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THE COURIER/Photo by Liam La Guerre / Crash photo courtesy of Alex Mitchell
THE COURIER/Photo by Liam La Guerre / Crash photo courtesy of Alex Mitchell
Ozone Park resident Alex Mitchell saved a driver from a burning vehicle following a crash on the Long Island Expressway.

Saving a drunken driver from a burning car crash was literally all in a day’s work for one Ozone Park resident.

Fuel truck driver Alex Mitchell, 37, was on his shift when he stopped to rescue an allegedly intoxicated John Boisseau, who slammed his car into a tree near Exit 55 on the Long Island Expressway around 2 a.m. on Friday, October 19, police said.

And following the crash, the good Samaritan got back in his truck and continued his 12-hour shift.

“I didn’t think of my safety,” Mitchell said. “It just happened so fast.”

Mitchell was heading to Holtsville in Suffolk County when he noticed the car in front of him started swerving in and out of lanes.

He thought the driver was either drunk or sleepy so he tried to keep his distance, but suddenly the Chevrolet Blazer drove off the road and smashed into a tree.

Mitchell stopped his truck, dialed 9-1-1, and ran towards the SUV because he feared it would explode since it caught on fire.

“Regardless of whether he was intoxicated… he is still a person and he was in need of help,” Mitchell said. At first Mitchell couldn’t find Boisseau and thought he had been hurled out the vehicle, but then he heard something coming from under the car.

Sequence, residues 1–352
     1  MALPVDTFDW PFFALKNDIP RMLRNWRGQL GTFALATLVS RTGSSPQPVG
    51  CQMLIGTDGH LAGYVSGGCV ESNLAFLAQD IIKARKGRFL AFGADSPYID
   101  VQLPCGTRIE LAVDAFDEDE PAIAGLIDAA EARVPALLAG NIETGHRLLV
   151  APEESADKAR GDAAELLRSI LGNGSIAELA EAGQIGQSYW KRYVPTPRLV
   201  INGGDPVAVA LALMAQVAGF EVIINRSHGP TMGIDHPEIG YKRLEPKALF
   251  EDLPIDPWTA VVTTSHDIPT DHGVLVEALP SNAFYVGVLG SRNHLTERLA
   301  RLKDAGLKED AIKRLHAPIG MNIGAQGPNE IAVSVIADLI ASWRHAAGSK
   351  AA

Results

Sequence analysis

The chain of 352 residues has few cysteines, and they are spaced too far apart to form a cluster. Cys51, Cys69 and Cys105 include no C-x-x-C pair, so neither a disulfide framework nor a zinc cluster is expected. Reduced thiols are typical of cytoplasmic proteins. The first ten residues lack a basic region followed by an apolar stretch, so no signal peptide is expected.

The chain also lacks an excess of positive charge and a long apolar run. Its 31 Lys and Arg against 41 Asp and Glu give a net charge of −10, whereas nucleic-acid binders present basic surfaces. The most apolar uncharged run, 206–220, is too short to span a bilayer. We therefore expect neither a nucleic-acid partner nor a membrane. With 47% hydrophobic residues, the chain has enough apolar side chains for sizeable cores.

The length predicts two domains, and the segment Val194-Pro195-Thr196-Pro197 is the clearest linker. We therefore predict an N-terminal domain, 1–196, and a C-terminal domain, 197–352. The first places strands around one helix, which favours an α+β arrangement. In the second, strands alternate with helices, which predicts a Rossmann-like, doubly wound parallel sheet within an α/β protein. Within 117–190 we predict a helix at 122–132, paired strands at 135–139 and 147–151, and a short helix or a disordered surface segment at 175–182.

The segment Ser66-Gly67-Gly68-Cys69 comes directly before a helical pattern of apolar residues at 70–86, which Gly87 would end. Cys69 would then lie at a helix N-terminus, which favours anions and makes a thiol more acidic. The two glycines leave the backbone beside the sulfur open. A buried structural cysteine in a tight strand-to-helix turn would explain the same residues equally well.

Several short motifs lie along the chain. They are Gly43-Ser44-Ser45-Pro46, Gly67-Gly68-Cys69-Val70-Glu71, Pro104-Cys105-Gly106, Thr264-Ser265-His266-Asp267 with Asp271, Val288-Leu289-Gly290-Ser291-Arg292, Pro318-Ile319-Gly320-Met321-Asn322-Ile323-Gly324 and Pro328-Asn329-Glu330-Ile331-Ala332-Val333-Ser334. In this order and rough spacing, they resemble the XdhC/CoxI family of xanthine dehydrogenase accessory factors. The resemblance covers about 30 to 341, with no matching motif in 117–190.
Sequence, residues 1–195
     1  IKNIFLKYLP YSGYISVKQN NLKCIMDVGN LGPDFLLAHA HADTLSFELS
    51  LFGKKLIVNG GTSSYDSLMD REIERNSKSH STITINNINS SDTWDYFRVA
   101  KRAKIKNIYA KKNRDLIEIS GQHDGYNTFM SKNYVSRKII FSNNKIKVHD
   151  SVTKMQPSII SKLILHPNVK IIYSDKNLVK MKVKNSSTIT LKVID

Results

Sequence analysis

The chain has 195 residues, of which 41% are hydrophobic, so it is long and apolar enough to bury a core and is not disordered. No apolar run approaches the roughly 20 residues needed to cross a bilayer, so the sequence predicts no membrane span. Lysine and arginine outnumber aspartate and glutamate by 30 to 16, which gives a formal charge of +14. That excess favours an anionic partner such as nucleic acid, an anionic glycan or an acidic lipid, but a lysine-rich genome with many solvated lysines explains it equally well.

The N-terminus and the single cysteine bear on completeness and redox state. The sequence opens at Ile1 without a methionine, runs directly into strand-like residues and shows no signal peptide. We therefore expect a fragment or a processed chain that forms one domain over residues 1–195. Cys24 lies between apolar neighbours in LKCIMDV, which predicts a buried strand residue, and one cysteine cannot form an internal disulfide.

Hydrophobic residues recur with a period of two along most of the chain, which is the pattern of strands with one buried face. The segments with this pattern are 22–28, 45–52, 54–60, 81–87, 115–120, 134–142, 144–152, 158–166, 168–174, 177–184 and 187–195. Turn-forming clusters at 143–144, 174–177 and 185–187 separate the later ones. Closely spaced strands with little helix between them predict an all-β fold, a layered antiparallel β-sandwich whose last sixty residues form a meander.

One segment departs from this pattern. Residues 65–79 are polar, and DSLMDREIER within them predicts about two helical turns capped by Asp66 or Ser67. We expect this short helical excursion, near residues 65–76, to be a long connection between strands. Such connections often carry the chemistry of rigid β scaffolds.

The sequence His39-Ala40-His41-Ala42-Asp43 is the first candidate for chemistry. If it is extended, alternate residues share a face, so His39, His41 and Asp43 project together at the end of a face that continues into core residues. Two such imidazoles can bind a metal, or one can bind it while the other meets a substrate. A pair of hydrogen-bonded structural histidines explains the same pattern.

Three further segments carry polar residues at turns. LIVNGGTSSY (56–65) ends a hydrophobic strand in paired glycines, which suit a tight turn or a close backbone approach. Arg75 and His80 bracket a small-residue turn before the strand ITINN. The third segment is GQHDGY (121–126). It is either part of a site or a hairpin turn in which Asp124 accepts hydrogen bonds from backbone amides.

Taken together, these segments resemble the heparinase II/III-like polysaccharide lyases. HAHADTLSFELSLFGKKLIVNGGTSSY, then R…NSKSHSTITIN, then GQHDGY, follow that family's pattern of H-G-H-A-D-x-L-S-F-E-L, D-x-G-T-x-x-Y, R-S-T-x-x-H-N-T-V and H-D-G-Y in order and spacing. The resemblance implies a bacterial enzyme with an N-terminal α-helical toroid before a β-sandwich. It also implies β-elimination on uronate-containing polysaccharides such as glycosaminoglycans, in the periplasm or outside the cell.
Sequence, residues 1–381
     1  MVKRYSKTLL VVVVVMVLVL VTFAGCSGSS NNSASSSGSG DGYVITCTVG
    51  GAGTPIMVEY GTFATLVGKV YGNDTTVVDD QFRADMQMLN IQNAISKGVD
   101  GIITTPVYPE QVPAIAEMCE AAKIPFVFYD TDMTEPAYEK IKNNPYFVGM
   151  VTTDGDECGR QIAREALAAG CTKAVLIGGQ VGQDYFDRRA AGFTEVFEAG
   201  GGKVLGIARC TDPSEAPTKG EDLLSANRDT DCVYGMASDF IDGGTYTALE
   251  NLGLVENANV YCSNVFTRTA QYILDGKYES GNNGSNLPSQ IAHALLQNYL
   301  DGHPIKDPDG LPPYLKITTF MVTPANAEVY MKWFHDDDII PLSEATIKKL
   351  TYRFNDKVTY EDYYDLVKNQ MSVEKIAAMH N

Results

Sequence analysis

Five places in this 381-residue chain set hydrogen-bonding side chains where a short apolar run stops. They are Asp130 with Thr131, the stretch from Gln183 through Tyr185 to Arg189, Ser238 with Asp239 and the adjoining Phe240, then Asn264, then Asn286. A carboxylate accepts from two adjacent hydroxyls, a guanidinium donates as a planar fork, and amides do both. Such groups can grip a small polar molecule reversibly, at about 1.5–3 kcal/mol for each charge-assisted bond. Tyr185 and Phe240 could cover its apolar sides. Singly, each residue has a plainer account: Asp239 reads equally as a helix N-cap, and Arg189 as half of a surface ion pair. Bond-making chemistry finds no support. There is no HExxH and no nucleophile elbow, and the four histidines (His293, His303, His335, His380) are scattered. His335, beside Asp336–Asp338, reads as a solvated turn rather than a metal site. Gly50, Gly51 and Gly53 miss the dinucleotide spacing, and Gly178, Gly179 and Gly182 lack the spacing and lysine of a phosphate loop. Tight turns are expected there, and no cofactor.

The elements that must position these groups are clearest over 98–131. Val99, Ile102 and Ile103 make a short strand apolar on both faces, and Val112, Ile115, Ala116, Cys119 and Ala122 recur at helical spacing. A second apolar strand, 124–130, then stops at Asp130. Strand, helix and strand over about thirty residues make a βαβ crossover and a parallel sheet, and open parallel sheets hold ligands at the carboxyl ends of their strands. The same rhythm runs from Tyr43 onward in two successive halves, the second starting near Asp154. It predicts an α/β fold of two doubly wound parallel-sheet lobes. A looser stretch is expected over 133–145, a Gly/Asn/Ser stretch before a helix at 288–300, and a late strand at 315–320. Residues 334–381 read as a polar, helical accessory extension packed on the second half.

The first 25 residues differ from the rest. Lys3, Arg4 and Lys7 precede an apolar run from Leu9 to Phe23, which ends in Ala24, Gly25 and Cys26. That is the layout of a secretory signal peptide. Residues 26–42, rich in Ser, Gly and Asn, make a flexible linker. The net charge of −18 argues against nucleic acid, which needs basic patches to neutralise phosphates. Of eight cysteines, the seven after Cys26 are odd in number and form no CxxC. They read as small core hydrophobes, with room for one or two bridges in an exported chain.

“I’m screaming ‘Hello is everybody alright,’” Mitchell said. “It was dark, smoke everywhere and then he said ‘I’m here, I’m here.’”

Boisseau’s leg was stuck under the car, but Mitchell pulled him out with one hand while he was on the phone with 9-1-1.

Shortly after, the car was engulfed in flames, which were later extinguished by the East Brentwood Fire Department. Boisseau was taken to Southside Hospital in Bay Shore where he was treated for non-life-threatening injuries and charged with driving while intoxicated by Suffolk County Police.

Mitchell, who was in the United States Air Force from 1998-2002, called his boss to explain there was an accident and he would be late, but said nothing of his heroism.

“I’m proud. It feels good to do something for somebody,” Mitchell said. “But the best feeling is my friends and family expressing how proud they are.”

 

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